Bolling Hall Museum
Cartwright Hall Art Gallery

Telling Kathleen’s story – from ‘Dreams and Songs to Sing’

June 17, 2024

Our newest exhibition at Cartwright Hall is by Bradford-based photographer Cath Muldowney, created in partnership with members of Bradford’s Gypsy and Traveller communities. For Gypsy Roma Traveller History Month, (June 2024) it felt appropriate to highlight one of the stories told within the exhibition – that of Kathleen.

Songs to Sing 0767
Songs to Sing 0767


A Bradford resident and Irish Traveller, Kathleen is proud of her heritage and aspires to uphold her culture and traditions, ‘It’s how I was brought up and how I brought my children up’ she says. She traces her roots back to County Wexford in the Republic of Ireland, but Yorkshire has always been a massive part of her life.

‘I grew up on the roadside. We’d stay in Yorkshire in the winter, but then we’d move around all over the country in the summertime. She recalls the excitement of reuniting with friends from previous years and the joy of a community where ‘everybody mixed.’ Her upbringing was bursting with community, family, culture, and food. ‘My mother always had a fire going, cooking outside in big black pots, hearty food such as bacon and cabbage or ribs and stew.’

To this day, Kathleen carries on this value of generosity and hospitality, always preparing more than enough food to share with her community. ‘Anyone elderly we feed, I send dinner up and down everywhere.’’

Bradford is renowned as a space of sanctuary and safety, welcoming communities across the world to make it their home. For centuries, the vibrant tapestry of Bradford has been woven together with the diverse threads of the Irish Traveller community, whether it has been a pit stop for those who embody a nomadic lifestyle, or somewhere to call home. When asked about her own experience, she says, “It’s like home. I’ve been here since I was 5, I’m 57 now, so 52 years I’ve lived between Leeds and Bradford.” 

There’s a deep sense of communal living in both Kathleen’s home and the site she lives on, she explains, ‘We’re strong on family values, everyone keeps an eye out for everyone’s child and we take care of the older people.’


As the youngest of twelve children, she speaks fondly of her own childhood. ‘Day to day it was just nice, you know, we weren’t playing computer games like today. I was like a tomboy and we played out all the time. It was a better way of life and it was a healthier way of life.’ As travelling communities begin to settle more, she feels the children are missing out on experiencing a variety of life, and explains, ‘It’s not good for children to be cooped up. When you live roadside you mix with different cultures, it helps to teach morals.’

Lost ones

Kathleen moved back to Yorkshire when she was 19 to get married. Sadly, her husband died aged only 28, leaving her to raise their children on her own. Kathleen then explains the importance in the community of keeping loved ones’ memories alive and shares how they value life and death in equal parts.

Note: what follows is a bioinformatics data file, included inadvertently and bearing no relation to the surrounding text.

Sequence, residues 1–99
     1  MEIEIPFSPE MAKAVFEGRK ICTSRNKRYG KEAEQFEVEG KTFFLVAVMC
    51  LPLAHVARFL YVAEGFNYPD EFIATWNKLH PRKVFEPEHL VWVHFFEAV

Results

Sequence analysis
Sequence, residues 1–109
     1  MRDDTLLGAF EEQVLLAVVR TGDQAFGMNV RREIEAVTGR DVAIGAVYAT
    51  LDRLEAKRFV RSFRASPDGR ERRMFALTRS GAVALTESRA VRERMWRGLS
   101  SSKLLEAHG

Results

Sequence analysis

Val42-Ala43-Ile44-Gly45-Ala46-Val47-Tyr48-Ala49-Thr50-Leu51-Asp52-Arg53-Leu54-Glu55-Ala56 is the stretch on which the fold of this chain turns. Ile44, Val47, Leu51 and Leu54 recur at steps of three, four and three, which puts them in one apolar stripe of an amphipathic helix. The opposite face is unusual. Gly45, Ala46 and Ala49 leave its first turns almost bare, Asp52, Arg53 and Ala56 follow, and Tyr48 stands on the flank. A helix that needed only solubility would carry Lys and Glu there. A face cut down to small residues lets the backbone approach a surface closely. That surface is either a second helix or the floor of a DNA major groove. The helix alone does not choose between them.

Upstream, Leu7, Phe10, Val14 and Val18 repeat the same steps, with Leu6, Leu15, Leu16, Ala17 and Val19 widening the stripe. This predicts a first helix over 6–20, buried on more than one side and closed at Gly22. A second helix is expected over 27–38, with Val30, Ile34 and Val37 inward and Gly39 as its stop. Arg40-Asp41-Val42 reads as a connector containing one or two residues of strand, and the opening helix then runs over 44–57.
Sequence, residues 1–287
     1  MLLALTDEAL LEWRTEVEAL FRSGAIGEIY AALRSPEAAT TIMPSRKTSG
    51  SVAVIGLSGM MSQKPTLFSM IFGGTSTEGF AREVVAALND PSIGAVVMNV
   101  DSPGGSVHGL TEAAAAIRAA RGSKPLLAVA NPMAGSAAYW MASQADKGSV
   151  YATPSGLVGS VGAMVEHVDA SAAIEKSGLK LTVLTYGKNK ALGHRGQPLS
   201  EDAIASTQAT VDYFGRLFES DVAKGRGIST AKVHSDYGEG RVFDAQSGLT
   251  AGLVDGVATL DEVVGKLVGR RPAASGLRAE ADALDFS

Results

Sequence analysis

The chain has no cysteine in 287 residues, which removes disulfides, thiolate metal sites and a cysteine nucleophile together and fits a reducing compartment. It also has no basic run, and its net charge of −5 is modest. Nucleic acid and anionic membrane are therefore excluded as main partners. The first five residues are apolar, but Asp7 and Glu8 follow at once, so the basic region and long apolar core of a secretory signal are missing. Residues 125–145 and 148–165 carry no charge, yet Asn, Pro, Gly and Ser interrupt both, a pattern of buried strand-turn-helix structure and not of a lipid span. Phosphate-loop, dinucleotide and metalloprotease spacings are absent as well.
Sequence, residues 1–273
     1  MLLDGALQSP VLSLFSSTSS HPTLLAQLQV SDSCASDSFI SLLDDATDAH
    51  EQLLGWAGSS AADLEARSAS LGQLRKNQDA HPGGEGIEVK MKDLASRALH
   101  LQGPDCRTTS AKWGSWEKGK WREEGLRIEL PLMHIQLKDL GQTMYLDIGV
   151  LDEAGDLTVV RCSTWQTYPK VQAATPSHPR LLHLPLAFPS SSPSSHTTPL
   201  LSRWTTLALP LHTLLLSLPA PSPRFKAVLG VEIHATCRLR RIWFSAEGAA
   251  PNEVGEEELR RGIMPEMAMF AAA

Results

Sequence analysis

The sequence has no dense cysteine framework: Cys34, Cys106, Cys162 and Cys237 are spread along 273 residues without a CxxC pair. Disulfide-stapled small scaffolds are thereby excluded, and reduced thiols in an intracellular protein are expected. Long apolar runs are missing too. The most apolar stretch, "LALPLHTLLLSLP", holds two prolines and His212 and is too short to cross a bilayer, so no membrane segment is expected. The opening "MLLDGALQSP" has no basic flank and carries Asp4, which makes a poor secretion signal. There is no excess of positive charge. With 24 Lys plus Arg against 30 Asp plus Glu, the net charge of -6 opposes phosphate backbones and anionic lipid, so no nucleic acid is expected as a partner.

‘We mention everyone we’ve lost, so they’re not forgotten about. My brother died 45 years ago and we talk about him every day.’ Once a year, Kathleen visits a cemetery in Ireland. ‘It’s a respect thing. All our ancestors are buried there. People come from all over Ireland and England on one specific day, and we all stand by their graves – it’s like a blessing.’ She continues, ‘Our people belong to us.’

Being in Bradford

Kathleen feels more welcome here amongst other minority groups than in other parts of the country. She has encountered numerous instances of discrimination and stereotyping as an Irish Traveller and has always had a feeling of being an unwanted outsider in society, ‘There’s good and bad in us all, but we all get painted with the one brush,’ she says. There is a real sense of persecution and fear within the community. Kathleen describes feelings of being unsafe and vulnerable as soon as she leaves the site, creating a feeling of never truly belonging.

Preserving Traveler traditions

Kathleen and her family pictured in front of a display cabinet containing a white dress

“It’s our culture and I don’t think they’ll ever stop it, but they’re doing their best to try,” she continues “You can’t think you’re better than anyone else, we’re all the same. It’s not right to look down on someone else.” 

“It’s disheartening that our positive efforts rarely receive recognition; the spotlight always seems to be on the negative aspects of our community.”

At the same time she recognizes the need to modernise, specifically in education and work.

‘I never went to school when I was a child because we were roadside. Here today, gone tomorrow.’ However, when she became a parent, ensuring her own children received an education became a priority. ‘I think everyone should have the right to read,’ she says.

Another cultural shift Kathleen has been part of, was supporting her daughter into further education and now championing her choice to go to work. More and more women are going out to find a vocation, and Kathleen feels it’s a good trend.

This particular story was collected initially as part of the Bradford People’s Library project from Bradford for Everyone and was co-authored with Nathan McGill and Tom Harmer

The exhibition is on at Cartwright Hall Art Gallery until the 8th of September 2024

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